Held on the 20th November 2004 the Fair Trade Futures Conference took place at the Said Business School.
‘Fair Trade Futures: Growth or Consolidation?’
Organised by the OXFORD FAIR TRADE COALITION AND THE SKOLL CENTRE FOR SOCIAL ENTREPRENEURSHIP
The issues to be covered in the seminar include:
- A guide to fairtrade, the growth of the mark and links to Trade Justice Fairtrade Case Studies
- How to Run a Fairtrade Campaign
- An in-depth look at fairtrade and trade justice
- Running a fairtrade campaign
- Good answers to bad excuses
- Communicating fairtrade issues within a university / college
- Working with suppliers to achieve Fairtrade status.
The premise for this major one-day event, entitled “Fair Trade Futures: Growth or Consolidation?” was that Fair Trade now finds itself at a tipping point; as the fastest growing consumer movement in the world, it is uniquely placed to offer direct help to disempowered producers on a significant scale; yet a range of financial limitations, governance issues and structural problems could constrain its growth.
The Conference, which was organised by the Oxford Fair Trade Coalition and the Saïd Business School ‘s Skoll Centre for Social Entrepreneurship, was attended by over 200 delegates, including producers from the South, Fair Trade buyers and retailers, corporate managers, policy makers, economists, academics, activists, and students. High-profile speakers included Penny Newman, CEO of Cafédirect, Paul Chandler, Chief Executive of Traidcraft, and Safia Minney, founder of the successful fair trade fashion label People Tree. Meanwhile the voices of local producers were represented by delegates such as Renwick Rose of the Windward Islands Farmers’ Association and Jimmy Navarro of Café Progresso in Honduras . NGOs represented included Oxfam, Christian Aid and Tear Fund.
The discussions that took place during the day addressed the major challenges now facing the Fair Trade industry, including: How can Fair Trade scale up to meet demand globally? What mechanisms are there to protect the integrity of Fair Trade? What role do multinational corporations have to play? How should be the governance of Fair Trade develop? Can Fair Trade change the terms of international trade or will it remain simply as an ‘ethical’ alternative? Which futures for Fair Trade will generate the most impact for producers? Should the strategy be the continued quest for fast growth or a policy of consolidation and reflection? And what other futures can be imagined for Fair Trade?
Progress was noted in a number of areas: no longer confined to alternative trading outlets such as charity shops, Fair Trade products now sit on the shelves of many major supermarkets and are beginning to build important market share in particular commodities, most noticeably coffee; furthermore, Fair Trade is growing beyond its first markets in Europe to develop a presence in Japan, Canada, Australia, and the US. Penny Newman of Cafédirect pointed out that the company’s successful share issue in 2004 would have inconceivable in the 1980s; while Safia Minney founder of People Tree has proved that it is possible for Fair Trade products to compete in the cut-throat fashion industry.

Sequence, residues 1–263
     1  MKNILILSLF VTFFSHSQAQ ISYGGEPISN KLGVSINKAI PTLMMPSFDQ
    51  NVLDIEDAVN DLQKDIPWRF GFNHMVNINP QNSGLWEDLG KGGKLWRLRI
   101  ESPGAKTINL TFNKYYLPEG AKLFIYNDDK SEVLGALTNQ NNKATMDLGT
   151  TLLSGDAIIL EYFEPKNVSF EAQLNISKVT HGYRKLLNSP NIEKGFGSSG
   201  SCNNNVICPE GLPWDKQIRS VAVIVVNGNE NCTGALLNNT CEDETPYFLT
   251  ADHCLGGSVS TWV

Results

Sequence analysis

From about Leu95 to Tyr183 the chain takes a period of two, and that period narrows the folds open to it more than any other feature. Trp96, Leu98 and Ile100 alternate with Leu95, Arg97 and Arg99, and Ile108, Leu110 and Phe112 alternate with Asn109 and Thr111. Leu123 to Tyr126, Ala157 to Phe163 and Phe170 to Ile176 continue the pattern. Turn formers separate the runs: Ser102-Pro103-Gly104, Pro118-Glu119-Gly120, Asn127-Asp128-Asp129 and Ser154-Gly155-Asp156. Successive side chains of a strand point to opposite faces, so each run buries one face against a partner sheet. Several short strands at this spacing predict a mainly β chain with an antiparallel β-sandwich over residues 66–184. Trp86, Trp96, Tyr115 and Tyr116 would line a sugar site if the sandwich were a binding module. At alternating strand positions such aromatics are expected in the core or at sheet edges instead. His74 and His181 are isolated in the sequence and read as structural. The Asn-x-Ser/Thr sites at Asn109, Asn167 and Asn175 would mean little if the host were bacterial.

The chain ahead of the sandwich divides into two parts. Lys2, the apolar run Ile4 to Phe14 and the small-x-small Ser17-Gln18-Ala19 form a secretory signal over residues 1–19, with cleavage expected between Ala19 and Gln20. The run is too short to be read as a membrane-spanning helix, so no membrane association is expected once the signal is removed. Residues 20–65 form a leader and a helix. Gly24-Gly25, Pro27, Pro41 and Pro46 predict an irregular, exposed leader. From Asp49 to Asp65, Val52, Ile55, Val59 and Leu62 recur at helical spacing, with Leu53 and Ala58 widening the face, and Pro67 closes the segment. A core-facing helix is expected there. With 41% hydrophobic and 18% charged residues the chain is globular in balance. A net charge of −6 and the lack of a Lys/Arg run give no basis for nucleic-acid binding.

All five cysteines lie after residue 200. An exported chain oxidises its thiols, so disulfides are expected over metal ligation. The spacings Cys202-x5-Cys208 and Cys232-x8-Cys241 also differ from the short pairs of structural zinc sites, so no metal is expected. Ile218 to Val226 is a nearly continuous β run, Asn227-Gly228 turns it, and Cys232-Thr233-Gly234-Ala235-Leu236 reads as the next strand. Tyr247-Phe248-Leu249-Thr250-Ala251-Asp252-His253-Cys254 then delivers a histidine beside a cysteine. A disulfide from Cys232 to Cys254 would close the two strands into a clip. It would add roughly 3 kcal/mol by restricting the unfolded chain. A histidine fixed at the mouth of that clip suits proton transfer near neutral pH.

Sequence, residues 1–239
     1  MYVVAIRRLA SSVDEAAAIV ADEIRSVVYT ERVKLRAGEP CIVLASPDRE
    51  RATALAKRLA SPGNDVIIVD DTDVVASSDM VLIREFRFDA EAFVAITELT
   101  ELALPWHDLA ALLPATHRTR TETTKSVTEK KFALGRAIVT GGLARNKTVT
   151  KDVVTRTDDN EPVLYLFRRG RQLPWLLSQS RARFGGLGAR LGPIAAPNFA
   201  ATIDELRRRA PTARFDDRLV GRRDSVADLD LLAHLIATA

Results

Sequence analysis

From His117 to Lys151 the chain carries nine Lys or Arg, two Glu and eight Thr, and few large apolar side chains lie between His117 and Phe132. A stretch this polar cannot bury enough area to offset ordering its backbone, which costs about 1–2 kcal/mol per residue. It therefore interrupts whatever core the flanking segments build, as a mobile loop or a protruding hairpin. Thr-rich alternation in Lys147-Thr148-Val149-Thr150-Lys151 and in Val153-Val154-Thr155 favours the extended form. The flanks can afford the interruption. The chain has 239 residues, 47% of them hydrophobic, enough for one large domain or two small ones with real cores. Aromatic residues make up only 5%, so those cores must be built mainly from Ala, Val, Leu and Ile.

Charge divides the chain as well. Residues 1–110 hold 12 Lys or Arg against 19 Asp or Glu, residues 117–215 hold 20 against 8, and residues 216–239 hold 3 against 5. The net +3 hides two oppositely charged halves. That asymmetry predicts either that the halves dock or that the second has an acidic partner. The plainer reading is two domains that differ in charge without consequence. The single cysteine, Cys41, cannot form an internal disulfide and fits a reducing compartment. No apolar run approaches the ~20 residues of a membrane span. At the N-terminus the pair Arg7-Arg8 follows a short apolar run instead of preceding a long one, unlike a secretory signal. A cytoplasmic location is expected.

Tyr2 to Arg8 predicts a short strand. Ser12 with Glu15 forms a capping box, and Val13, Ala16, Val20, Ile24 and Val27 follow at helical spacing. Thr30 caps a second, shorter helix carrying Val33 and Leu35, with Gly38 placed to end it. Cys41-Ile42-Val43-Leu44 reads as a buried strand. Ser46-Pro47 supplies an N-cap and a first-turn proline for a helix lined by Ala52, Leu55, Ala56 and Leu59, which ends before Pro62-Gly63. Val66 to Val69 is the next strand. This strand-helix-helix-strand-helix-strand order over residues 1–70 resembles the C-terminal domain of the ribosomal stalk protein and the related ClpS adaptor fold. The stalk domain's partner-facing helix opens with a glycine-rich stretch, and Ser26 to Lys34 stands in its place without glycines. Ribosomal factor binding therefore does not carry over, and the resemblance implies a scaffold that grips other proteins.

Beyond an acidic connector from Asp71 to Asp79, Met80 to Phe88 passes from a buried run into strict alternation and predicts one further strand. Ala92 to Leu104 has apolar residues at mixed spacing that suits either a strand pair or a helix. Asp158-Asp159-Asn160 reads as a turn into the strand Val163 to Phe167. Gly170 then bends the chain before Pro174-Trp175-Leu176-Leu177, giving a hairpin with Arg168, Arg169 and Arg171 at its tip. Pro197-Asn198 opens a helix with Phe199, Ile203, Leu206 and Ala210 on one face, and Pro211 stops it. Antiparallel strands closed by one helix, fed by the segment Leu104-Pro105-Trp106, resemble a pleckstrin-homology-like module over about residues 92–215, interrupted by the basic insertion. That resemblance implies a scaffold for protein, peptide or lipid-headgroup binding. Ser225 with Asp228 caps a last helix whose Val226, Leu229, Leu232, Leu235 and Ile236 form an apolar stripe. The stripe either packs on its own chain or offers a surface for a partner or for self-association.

However, delegates were not complacent. Peter Freeman of Shared Interest and Whitni Thomas of the New Economics Foundation talked about an important practical constraint on the growth of Fair Trade; the lack of fair finance for enterprises both in the North and the South. Delegates discussed the need for reliable certification of products now that commercial companies, whose motivation is not social development, have entered the Fair Trade arena. A debate was held on what constitutes Fair Trade in the context of larger scale plantation agriculture, and factory production in urban areas; and some delegates suggested that the views of Southern producers needed to be sought and heard more than they are at present.
The Co-op supermarket chain has demonstrated its commitment to Fair Trade by developing over 60 own brands and educating consumers; but delegates were concerned that some other supermarkets may be using a token range of Fair Trade products as ‘window-dressing’ to draw attention away from the fact that they are generally using their buying power to drive down prices and impose unfair conditions on suppliers. Commercial companies may be prepared to meet minimum standards ‘to do no harm’, they suggested, but would any multinational really commit to Fair Trade?
Perhaps the hardest question facing delegates was whether Fair Trade would remain an idealistic model, or whether it could help to change the values and practices of the global trading system in a far more profound way. Could Fair Trade really hope to alter the structures and rules of international trade to create a more even playing field? Fair Trade pioneer Michael Barratt Brown of TWIN reflected; “Influencing governments is probably the most important thing we can do.”